For a couple of years, Rylan's team of neurologists tried multiple different medications to try to keep his epilepsy under control. The medications would typically work for about a month and then lose all effectiveness. The starting location and trigger for the seizures was always changing.

The seizures were also impacting Rylan's day to day life at school.

"Some of his seizures would knock him out completely and he could not finish the day," Alicea Moll recalled. "We would take him out of school when he had a seizure, and he was missing a lot of instruction."

Rylan after his deep brain stimulation procedure.

As Rylan's epilepsy appeared to be resistant to medications, it was time to consider surgery. The most common type of epilepsy surgery is to remove the part of the brain that is causing the seizures.

The second, palliative option is to consider neuromodulation, which includes responsive neuro stimulation (RNS) and deep brain stimulation (DBS). Both epilepsy surgery and RNS require a precise starting location in the brain for the seizures. Since Rylan's seizures could not be pinpointed to one specific spot, both options were ultimately off the table. This brought Rylan's team to their best option: deep brain stimulation surgery.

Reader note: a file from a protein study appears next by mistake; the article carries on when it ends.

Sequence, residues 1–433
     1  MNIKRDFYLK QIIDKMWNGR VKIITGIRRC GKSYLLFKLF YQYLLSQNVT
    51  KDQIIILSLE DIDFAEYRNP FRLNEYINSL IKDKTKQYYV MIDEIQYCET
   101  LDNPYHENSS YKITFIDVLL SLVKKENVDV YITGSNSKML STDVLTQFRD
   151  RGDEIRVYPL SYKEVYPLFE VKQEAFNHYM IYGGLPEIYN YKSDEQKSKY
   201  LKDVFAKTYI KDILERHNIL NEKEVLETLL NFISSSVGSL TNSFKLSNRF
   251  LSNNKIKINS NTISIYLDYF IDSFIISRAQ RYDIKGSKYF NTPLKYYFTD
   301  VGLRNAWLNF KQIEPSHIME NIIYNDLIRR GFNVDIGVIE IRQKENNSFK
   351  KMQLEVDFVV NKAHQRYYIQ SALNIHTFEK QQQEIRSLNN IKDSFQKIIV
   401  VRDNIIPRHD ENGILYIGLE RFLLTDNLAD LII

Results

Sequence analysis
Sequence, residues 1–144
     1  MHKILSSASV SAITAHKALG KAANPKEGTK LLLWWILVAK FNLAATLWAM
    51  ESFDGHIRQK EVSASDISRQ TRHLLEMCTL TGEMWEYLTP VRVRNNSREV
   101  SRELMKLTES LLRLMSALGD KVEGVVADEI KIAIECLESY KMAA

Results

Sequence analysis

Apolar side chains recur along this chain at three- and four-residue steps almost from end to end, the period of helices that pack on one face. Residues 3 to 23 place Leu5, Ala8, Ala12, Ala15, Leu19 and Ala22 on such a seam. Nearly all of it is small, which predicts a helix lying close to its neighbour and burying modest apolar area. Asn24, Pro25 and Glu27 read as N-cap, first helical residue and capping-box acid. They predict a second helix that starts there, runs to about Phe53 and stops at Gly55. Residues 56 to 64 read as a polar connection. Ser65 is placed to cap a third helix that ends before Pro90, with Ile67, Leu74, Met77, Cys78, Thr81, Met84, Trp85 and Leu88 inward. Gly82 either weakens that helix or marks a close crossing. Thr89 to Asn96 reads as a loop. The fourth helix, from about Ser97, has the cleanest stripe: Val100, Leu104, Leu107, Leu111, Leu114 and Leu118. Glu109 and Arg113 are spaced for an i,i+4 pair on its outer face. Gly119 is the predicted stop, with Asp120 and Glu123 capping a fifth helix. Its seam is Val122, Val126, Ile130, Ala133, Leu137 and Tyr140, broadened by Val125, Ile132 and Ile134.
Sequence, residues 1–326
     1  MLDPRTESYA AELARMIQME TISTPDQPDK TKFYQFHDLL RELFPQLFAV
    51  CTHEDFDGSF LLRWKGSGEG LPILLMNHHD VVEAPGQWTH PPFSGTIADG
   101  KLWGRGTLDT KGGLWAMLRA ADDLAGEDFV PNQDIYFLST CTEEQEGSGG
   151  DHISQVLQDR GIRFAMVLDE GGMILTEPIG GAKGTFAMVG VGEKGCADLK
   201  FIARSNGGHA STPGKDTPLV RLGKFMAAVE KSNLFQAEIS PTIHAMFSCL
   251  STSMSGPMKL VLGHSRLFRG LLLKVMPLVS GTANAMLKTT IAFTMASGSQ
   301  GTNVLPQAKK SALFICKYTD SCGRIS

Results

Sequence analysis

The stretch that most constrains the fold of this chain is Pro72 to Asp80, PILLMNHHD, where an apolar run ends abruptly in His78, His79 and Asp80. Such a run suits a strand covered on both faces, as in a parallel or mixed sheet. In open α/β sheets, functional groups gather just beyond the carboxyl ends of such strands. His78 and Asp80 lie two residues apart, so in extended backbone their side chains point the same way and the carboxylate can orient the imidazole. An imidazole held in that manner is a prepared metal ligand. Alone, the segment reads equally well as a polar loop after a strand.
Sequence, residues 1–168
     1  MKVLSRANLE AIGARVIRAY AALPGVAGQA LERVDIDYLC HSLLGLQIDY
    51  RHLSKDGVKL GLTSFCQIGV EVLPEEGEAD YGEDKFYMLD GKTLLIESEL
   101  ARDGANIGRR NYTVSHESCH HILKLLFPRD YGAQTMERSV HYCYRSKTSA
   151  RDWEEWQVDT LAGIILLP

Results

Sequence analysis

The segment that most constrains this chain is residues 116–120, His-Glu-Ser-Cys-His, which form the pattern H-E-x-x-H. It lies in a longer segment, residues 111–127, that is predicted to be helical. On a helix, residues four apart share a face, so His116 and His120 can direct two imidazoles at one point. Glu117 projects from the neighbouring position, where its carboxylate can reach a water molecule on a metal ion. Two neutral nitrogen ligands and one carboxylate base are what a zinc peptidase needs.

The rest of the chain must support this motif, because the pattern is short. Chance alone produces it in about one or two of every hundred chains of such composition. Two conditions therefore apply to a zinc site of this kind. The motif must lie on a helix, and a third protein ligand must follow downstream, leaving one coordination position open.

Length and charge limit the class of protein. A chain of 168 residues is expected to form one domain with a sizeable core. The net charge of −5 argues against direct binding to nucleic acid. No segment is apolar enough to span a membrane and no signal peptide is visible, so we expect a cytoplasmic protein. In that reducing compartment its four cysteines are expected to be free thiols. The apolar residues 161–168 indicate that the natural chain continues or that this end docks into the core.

A perfect candidate for deep brain stimulation

DBS procedures are common to see in adults but have not been done very often in children.

Despite the procedure being newer for the pediatric population, Rylan's history made him the perfect candidate. His family agreed that this procedure was the right choice and scheduled it for March 2022.